Since the makers of those portable telephones slid in self-tracking software so we could all horrify ourselves with how much time we spend perfecting our Snapchat selfies, there’s been a slew of productivity and efficiency articles dedicated to expanding that practice outside the bounds and bezels of our futuristic communication devices.

“Journal obsessively,” they say.

“Plan your entire week in advance,” they advise.

“Spend a week noting down what you did every 60 seconds so you can learn where you’re wasting time,” they muse.

I did that one, and it turns out I’m wasting most of my time writing “Noted down what I did in the previous minute” over and over again. On the plus side, I’ll never muck up in class again after that epic set of lines.

Time is a powerful enemy, and you’re not going to defeat a creature of its stature with bullet journals or a depressing awareness of how often you open Instagram to practise pretending you don’t know how all those bikini babes wound up on your search page.

There’s only one way to draw your metaphorical Glock and waste time… and that’s to waste time. Waste it on garbage books about nonsense. Listen to meandering podcasts by amateurs at normal speed instead of the 2x-chipmunk rate advocated by people who’ve never thought to linger over the few pleasures life offers us. Go back and read the entirety of my back catalogue here. Spend an hour or so thinking about how tortured the “waste time” pun at the start of this paragraph was.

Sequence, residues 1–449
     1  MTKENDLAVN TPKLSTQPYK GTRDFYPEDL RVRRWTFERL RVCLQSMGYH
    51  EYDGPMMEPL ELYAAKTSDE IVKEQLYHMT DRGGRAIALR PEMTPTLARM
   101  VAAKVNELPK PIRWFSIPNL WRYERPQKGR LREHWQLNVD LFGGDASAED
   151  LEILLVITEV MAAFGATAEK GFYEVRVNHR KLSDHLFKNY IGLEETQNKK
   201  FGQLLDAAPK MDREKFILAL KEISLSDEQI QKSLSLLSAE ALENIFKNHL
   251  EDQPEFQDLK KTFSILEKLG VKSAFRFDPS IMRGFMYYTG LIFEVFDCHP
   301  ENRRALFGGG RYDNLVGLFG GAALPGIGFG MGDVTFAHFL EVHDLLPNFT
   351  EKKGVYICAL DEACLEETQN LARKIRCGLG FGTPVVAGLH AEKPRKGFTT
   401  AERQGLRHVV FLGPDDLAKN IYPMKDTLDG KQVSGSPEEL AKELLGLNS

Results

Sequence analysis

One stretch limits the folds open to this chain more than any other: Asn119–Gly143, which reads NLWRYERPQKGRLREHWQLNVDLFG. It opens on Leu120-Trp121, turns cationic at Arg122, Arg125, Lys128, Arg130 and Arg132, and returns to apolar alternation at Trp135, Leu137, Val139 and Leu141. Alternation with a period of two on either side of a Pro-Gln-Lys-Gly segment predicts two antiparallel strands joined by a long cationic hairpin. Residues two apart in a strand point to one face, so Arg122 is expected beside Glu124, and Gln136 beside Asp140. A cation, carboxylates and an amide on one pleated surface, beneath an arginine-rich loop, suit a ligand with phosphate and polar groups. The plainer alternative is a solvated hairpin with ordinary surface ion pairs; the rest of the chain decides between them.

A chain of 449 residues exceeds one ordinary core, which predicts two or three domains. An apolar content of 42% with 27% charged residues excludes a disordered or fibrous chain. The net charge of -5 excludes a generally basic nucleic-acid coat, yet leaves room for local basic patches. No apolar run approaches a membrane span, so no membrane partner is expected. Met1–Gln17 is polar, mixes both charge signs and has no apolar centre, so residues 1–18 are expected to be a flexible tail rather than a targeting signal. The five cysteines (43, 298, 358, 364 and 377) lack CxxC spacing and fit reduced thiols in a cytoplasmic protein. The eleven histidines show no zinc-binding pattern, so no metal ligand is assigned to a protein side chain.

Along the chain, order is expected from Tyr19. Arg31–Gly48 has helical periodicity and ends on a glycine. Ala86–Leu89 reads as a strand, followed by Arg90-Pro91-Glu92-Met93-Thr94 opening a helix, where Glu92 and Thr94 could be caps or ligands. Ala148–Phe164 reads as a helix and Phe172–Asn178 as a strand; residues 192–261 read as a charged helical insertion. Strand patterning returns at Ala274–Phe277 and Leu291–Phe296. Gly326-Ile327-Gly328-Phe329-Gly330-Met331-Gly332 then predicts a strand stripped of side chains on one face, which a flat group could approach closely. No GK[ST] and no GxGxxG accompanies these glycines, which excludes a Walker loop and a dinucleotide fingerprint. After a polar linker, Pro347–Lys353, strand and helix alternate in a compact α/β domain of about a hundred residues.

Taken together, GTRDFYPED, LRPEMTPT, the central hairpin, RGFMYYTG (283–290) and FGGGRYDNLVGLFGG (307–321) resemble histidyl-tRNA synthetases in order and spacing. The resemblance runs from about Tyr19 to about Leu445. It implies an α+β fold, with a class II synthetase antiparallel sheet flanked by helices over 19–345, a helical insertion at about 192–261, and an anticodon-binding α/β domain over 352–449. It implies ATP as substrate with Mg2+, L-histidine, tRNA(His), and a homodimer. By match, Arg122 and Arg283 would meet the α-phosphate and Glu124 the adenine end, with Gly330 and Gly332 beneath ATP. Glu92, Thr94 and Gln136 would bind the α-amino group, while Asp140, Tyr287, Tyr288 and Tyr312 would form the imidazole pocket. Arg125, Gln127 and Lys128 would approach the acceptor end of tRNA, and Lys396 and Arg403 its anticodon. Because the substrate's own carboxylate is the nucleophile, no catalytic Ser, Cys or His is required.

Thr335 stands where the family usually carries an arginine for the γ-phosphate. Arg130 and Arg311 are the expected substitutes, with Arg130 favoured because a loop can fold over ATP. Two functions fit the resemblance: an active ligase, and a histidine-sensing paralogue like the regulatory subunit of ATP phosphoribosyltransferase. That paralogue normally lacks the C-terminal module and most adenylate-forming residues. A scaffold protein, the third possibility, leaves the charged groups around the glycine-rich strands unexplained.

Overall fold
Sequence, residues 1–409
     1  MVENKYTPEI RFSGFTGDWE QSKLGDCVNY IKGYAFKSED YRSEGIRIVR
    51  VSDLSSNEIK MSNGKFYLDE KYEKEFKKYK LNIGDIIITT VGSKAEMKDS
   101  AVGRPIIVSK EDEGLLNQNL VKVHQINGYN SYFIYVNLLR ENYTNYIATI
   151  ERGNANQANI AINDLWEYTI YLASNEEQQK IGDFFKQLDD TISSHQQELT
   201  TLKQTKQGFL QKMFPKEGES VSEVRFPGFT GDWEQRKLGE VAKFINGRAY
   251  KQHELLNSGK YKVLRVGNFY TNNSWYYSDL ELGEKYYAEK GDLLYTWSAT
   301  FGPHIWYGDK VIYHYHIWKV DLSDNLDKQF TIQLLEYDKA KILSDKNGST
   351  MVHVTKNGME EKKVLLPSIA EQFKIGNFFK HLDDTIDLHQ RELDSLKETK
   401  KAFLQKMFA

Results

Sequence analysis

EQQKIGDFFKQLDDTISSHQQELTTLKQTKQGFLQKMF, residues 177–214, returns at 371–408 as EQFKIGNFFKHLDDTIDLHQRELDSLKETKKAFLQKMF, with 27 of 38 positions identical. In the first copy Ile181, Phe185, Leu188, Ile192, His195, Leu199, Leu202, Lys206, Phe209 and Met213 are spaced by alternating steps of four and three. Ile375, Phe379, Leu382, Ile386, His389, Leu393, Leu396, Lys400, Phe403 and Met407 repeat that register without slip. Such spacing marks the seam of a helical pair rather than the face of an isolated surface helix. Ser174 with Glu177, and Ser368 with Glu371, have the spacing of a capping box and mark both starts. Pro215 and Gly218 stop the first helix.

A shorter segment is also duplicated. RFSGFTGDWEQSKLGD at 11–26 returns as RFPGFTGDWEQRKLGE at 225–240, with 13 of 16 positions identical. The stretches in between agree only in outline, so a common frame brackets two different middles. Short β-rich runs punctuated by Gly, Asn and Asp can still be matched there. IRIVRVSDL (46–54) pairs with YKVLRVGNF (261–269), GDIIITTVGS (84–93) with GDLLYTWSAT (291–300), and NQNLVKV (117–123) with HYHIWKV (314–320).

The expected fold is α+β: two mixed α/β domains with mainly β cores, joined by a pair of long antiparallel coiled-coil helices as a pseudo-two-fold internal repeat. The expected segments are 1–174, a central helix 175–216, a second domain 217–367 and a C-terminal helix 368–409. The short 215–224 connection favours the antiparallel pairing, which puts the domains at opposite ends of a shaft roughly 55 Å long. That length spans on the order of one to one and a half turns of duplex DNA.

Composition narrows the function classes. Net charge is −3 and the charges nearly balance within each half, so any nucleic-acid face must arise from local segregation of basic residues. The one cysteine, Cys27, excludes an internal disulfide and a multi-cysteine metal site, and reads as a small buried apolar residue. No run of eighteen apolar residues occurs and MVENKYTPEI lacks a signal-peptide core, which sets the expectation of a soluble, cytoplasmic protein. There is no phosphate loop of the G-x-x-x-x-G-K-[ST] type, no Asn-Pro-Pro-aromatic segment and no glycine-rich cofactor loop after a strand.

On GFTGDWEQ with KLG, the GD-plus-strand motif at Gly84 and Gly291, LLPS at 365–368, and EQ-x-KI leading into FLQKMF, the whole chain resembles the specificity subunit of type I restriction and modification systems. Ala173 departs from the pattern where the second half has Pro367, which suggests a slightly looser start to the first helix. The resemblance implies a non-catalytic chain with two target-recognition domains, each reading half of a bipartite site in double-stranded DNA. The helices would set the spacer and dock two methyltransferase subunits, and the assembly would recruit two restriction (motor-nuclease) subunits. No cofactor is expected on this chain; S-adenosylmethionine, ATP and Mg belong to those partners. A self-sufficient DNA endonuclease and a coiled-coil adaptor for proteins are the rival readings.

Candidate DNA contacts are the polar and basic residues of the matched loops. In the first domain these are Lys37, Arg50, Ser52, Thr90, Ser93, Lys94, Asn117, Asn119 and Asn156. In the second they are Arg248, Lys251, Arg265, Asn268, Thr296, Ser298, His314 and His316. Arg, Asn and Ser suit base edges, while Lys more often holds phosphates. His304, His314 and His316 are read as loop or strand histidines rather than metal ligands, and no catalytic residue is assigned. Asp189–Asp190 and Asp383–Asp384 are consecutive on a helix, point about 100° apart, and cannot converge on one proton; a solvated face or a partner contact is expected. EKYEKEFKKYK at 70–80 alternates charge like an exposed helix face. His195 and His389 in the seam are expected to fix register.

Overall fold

Make a commitment in 2019. You’ll succumb to your base urges and make a mess of time. Start by paying for an online course in product management, UX design or some other nonsense that you’ll download and complete maybe four per cent of. Blu-tack a laminated Eisenhower Matrix to the wall above your computer and write “Buy Post-It Notes” in the top left corner. See what borrowed wisdom Tim Ferriss is spouting on Twitter. Note down that you wasted a minute on Tim Ferriss’s Twitter feed.

Then order a case of beer through Tipple and time it to arrive just as the sun sets, turning the brilliant sky a thousand warm shades of another gloriously wasted day.